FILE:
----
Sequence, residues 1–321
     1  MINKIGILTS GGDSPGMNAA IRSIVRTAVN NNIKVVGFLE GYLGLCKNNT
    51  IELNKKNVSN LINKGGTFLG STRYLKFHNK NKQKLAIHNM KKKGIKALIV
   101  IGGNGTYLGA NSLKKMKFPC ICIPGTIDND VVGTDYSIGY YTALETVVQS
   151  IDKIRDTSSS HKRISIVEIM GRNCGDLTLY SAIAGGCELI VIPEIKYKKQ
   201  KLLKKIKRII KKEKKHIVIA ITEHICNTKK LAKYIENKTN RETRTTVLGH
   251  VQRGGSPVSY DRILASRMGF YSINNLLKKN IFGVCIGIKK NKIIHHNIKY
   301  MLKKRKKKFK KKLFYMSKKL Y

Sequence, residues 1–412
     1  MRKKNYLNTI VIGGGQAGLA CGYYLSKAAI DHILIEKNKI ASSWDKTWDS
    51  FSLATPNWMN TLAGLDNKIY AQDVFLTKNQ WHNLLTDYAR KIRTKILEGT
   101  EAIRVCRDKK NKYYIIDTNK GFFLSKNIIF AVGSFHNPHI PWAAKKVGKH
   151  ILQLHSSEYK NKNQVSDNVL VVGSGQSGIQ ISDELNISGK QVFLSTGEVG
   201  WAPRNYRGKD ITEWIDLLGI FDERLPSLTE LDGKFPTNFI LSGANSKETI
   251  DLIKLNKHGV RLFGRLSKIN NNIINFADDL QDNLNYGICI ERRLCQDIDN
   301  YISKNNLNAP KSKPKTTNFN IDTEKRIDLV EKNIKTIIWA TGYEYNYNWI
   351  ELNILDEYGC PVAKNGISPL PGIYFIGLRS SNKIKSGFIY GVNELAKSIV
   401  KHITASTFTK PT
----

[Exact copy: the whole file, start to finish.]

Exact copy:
Sequence, residues 1–321
     1  MINKIGILTS GGDSPGMNAA IRSIVRTAVN NNIKVVGFLE GYLGLCKNNT
    51  IELNKKNVSN LINKGGTFLG STRYLKFHNK NKQKLAIHNM KKKGIKALIV
   101  IGGNGTYLGA NSLKKMKFPC ICIPGTIDND VVGTDYSIGY YTALETVVQS
   151  IDKIRDTSSS HKRISIVEIM GRNCGDLTLY SAIAGGCELI VIPEIKYKKQ
   201  KLLKKIKRII KKEKKHIVIA ITEHICNTKK LAKYIENKTN RETRTTVLGH
   251  VQRGGSPVSY DRILASRMGF YSINNLLKKN IFGVCIGIKK NKIIHHNIKY
   301  MLKKRKKKFK KKLFYMSKKL Y

Sequence, residues 1–412
     1  MRKKNYLNTI VIGGGQAGLA CGYYLSKAAI DHILIEKNKI ASSWDKTWDS
    51  FSLATPNWMN TLAGLDNKIY AQDVFLTKNQ WHNLLTDYAR KIRTKILEGT
   101  EAIRVCRDKK NKYYIIDTNK GFFLSKNIIF AVGSFHNPHI PWAAKKVGKH
   151  ILQLHSSEYK NKNQVSDNVL VVGSGQSGIQ ISDELNISGK QVFLSTGEVG
   201  WAPRNYRGKD ITEWIDLLGI FDERLPSLTE LDGKFPTNFI LSGANSKETI
   251  DLIKLNKHGV RLFGRLSKIN NNIINFADDL QDNLNYGICI ERRLCQDIDN
   301  YISKNNLNAP KSKPKTTNFN IDTEKRIDLV EKNIKTIIWA TGYEYNYNWI
   351  ELNILDEYGC PVAKNGISPL PGIYFIGLRS SNKIKSGFIY GVNELAKSIV
   401  KHITASTFTK PT